**Below, you’ll find a very brief Autumn romance fit for readers of young adult fiction, love, and general literature. I hope you like this treat and feel free to comment and share. I will update the last part sometime this week**
Hoping against hope, I sit on grandma’s swing, under the shady tree, the large one I used to be afraid of as a child until one day I saw a beautiful, emerald caterpillar undulating on its branch. The tree couldn’t be all bad if beautiful creatures took up residence there.
I swing my feet out, my church shoes looking like horse hooves and kicked back and forth, my long legs were spindly and my shoes kept kicking up the dirt patch, but the sun was warm, friendly and not unbearably hot.
Hoping against hope, I pray he doesn’t show up. Every Sunday dinner since I was ten, he came by with his son. The one with the bowl hair cut, sneaky smile and dingy clothes.
I stop my swinging and finally make up my mind to tell Grandma Olsa.
“Grandma!” I yell into the house. I pull open the front door and hear it scream in protest as I dash upstairs to where grandma was knitting by the window. They look like small hats, for a baby.
“I don’t want Casey and his dad here. I hate them!”
Grandma slowly lowers her knitting needles and turns away from the window. After she sighs she then says, “Dearie. Never say you hate someone.”
“I don’t like them, Grandma,” I whine. Now I feel six instead of sixteen. “That boy is always looking at me, like he wants to eat me. He is kind of chunky.”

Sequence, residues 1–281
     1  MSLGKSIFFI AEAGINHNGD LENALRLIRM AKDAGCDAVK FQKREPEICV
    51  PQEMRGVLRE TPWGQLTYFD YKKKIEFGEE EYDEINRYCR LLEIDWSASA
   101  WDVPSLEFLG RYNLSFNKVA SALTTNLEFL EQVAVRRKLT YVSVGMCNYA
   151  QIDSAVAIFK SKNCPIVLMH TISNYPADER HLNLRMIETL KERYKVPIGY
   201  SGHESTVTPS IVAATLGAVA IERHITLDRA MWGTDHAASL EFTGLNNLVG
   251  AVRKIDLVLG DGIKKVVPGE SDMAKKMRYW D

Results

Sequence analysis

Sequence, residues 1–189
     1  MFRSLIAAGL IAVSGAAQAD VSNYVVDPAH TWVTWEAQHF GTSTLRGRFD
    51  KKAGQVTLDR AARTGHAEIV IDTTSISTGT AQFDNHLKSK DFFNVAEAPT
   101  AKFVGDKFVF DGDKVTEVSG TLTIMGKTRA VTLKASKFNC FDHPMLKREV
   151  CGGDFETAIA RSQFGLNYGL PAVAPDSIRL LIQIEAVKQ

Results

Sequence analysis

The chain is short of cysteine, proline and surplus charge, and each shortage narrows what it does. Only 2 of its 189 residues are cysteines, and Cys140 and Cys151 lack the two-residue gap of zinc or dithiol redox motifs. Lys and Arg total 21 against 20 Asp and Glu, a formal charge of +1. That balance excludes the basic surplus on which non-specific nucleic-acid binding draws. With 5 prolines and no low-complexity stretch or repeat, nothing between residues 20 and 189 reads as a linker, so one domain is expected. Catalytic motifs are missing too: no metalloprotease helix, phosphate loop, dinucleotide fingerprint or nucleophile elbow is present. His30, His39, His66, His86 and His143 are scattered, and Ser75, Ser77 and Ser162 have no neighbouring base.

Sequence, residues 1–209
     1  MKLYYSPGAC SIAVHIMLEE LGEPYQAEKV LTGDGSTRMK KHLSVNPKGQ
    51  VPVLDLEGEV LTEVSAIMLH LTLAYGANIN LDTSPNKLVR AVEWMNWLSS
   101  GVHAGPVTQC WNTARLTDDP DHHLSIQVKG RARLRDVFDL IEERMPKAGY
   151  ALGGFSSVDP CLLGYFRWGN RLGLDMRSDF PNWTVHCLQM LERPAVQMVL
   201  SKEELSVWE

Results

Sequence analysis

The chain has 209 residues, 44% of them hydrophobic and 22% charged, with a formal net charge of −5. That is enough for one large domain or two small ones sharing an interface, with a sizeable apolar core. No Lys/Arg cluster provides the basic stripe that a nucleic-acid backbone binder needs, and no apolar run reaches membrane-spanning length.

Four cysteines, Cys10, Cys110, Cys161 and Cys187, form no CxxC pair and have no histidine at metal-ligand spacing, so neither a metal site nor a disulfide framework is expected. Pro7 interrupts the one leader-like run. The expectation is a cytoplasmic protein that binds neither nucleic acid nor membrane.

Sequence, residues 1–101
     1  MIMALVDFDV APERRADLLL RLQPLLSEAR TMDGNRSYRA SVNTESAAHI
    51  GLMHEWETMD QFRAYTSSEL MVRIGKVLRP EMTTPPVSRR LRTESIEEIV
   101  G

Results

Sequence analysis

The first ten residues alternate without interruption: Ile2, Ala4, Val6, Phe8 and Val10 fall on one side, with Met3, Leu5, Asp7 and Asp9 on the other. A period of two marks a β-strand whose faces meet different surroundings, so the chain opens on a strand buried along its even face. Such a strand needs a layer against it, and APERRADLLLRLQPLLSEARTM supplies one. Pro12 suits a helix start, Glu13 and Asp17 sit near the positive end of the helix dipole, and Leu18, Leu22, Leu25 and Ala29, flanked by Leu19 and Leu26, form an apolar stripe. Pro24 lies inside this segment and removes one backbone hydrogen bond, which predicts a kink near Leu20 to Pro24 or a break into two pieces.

“You hadn’t seen him all summer, why worry now Elesa? We go to the same church and his family is in need sometimes. Giving him a free meal once in a while and some friendship is the least we can offer.” Grandma Olsa stands up in a beautiful, print dress of sunflowers and I admire her long, silver hair which is incredibly healthy and thick.
“Well. Do I have to talk to him?”
“I would like for you to be polite,” Grandma Olsa says just as a firm knock on the door downstairs confirms the worst.
With the house smelling of sweet yams, buttered biscuits and grandma’s briskets memories of the last Fall sweeps through me and I feel a kind of nostalgia come over me. Last year’s cinnamon raisin cookies, the large green Christmas tree with lots of presents under them.
The unopened presents mom and dad will never see.
I take the steps one at a time slowly, not excited about seeing the dark haired Casey and his thick shouldered giant of a father.
Grandma opens the door wide and opens her arms wider for Casey’s dad. “Come in fellas! You’re just in time!”
I turn on the dining hall’s lights as Casey’s dad enters.
I keep looking around the man for Casey. Grandma holds the slender yet toned fella next to Casey’s dad.
The boy has his hair in a small bun at the nape of his neck and his eyes are the color of seaweed, framed by curly lashes.
He is mighty fine.
“Elesa. Aren’t you going to hug Casey?”
I swallow hard.
This. Can’t. Be. Casey.
Copyright 2016 by Erica Jean Smith